Diana Nyad is not letting a multitude of jellyfish stings that sidelined her 2011 swim from Cuba to Florida derail her latest attempt at the feat.
The latest update from the 62-year-old endurance athlete's website, posted at 2:30 a.m. Monday EST, indicated that Nyad encountered a storm on her trip from Havana to Key West. The post said the stop was only a temporary break on the way to Florida, this being Nyad's fourth attempt to make the swim without a shark cage surrounding her. Her first try was in 1978 at 28 years old.
"Since [the storm] is not moving, they are now trying to find a path out of the storm," wrote Alex de Cordoba on Nyad's behalf. "They have decided to begin moving north and west, close to the course that will take them to Key West anyways. Diana is safe, feeling strong and is now swimming again."
De Cordoba, a member of Nyad's support team, described the storm and said Nyad's GPS tracker stopped sending location data because of the weather.
"There is lots of lightning out there and the storm is blowing right on top of Diana. The signal is most likely being blocked by the storm," de Cordoba wrote. "All the warm calm weather from earlier today is now churning with the upper atmosphere, creating lightning, rain and winds. As they say in Key West, it's kind of like like mixing a mojito!"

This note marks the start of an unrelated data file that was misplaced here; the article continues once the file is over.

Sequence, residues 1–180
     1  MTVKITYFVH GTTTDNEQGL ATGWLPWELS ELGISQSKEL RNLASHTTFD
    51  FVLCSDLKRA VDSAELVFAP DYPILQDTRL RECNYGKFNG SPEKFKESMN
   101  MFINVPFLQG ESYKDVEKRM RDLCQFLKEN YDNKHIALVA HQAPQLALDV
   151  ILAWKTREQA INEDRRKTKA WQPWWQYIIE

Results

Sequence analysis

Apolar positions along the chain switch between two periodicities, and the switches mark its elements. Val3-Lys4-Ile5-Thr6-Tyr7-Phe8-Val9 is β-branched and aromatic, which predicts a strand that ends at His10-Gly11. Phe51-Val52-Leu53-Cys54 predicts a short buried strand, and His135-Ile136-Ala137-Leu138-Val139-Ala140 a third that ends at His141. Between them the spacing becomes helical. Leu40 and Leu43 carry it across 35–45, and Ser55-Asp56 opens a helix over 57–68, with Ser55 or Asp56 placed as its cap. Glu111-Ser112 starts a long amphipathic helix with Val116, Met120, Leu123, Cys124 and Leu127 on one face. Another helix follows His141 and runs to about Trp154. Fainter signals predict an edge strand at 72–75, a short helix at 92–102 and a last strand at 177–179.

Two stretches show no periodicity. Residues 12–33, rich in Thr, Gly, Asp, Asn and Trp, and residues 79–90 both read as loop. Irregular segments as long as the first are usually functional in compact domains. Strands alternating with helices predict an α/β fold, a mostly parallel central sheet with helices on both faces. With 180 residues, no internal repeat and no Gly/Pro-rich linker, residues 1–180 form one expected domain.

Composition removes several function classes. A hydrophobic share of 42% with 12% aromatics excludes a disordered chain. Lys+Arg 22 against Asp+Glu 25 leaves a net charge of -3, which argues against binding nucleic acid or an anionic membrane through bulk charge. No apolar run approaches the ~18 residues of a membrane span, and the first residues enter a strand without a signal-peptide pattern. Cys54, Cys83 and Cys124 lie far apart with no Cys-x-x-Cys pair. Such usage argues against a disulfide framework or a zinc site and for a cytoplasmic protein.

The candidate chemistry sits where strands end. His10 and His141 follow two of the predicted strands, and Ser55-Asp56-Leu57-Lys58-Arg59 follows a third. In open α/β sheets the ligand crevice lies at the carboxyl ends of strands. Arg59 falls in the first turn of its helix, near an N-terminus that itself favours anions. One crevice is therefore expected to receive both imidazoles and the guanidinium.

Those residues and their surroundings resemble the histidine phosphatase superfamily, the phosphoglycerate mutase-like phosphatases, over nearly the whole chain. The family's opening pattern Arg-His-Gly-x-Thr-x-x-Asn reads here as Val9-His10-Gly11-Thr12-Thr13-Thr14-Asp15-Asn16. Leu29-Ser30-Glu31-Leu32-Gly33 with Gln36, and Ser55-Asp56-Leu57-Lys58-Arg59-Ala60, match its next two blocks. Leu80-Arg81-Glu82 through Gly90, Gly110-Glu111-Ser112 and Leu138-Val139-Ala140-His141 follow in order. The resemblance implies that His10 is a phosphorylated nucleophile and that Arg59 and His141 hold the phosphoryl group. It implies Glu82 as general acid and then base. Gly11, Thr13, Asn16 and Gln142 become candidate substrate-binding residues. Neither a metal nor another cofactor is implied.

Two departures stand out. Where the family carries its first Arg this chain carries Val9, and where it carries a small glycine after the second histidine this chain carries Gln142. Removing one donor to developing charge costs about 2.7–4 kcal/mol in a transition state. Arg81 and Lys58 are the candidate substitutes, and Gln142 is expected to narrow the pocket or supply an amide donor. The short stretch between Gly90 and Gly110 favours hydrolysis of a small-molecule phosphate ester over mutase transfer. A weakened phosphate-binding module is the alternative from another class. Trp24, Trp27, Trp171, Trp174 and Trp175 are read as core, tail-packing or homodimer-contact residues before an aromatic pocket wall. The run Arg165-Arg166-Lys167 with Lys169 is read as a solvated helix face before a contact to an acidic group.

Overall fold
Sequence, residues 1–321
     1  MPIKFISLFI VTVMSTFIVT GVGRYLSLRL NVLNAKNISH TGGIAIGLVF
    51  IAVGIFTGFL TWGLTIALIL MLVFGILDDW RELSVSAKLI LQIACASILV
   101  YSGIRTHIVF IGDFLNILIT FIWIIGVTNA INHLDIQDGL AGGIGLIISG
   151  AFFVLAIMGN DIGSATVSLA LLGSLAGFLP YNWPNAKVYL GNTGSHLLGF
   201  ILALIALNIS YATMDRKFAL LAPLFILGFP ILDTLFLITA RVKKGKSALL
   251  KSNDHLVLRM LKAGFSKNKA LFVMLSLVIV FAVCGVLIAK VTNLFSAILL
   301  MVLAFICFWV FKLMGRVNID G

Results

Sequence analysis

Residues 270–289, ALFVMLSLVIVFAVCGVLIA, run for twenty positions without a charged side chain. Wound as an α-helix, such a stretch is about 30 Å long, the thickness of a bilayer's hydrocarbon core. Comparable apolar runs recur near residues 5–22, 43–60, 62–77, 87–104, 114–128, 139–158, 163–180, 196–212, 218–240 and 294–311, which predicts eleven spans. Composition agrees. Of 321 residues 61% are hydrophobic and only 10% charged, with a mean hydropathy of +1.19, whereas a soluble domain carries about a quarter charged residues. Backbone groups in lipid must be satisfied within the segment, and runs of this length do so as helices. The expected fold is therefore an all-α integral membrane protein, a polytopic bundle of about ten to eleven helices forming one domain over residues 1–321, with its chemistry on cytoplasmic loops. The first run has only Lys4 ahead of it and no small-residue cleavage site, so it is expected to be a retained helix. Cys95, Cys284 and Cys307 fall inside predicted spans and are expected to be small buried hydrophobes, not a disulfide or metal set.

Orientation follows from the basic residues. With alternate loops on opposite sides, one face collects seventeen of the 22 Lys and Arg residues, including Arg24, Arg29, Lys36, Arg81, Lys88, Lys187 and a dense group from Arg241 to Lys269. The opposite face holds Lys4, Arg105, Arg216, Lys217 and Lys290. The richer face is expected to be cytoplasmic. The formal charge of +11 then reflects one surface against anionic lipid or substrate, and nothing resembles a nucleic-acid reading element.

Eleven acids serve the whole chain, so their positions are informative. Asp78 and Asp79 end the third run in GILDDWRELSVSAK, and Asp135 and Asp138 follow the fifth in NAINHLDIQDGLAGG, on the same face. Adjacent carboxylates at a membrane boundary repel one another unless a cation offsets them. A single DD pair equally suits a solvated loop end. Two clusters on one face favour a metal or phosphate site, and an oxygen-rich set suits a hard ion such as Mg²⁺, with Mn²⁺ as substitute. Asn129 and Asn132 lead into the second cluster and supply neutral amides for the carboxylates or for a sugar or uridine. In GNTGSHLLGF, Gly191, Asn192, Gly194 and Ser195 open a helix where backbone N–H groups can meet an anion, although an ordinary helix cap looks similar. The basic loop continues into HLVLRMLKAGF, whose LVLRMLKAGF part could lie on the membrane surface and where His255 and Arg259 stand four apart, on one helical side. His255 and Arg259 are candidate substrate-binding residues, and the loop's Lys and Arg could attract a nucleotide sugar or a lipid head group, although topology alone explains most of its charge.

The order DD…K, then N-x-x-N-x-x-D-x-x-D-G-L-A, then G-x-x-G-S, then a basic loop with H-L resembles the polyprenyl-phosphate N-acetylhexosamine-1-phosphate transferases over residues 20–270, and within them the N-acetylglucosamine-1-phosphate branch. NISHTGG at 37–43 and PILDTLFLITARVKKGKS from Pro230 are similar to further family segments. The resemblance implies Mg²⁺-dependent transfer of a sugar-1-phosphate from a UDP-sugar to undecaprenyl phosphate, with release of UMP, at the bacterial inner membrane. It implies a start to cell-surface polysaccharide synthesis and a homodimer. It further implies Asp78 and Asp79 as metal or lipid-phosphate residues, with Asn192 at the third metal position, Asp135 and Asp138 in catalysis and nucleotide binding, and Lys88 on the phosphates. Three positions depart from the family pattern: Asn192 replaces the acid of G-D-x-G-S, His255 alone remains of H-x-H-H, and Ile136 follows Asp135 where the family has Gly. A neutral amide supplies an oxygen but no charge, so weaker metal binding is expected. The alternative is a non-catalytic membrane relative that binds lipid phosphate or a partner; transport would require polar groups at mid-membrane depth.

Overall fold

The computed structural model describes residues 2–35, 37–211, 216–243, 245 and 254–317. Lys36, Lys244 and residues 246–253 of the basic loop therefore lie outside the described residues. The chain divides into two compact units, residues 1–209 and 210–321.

The storm is just one of the obstacles on Nyad's adventure from Havana to Key West.
Nyad, a Los Angeles resident, had dealt with a number of jellyfish stings to her lips, forehead, hands and neck, according to her team.
The stings could have impacted Nyad's performance because jellyfish release toxins when they sting, and the bites derailed her last attempt to swim from Cuba to Florida, AFP noted.
Nyad started her swim Saturday and her team did not say the distance she swam since then when it gave an update Sunday night, although they said she passed the 28-hour mark, according to the Associated Press. Before that update, they said the 62-year-old traveled 27.7 miles and was swimming in "ideal conditions."
Nyad is wearing a specially designed bodysuit to stave off jellyfish attacks, although the garment is not having the desired effect.
"At least two of the stings were from the dangerous box jellyfish, which forced her to cut short her second of two attempts last year as toxins built up in her system," the AP reported. At one point, with jellyfish particles everywhere in the water, Nyad changed strokes to keep her face out of harm's way."
Should Nyad be successful in her swim, the 103-mile trip from Havana to Key West should take 60 hours, which would put her in Florida sometime around Thursday afternoon.
While Nyad does not have a shark cage surrounding her during the swim, she is equipped with electronic shark repellent and her team has divers to protect her from the deadly creatures, CNN reported.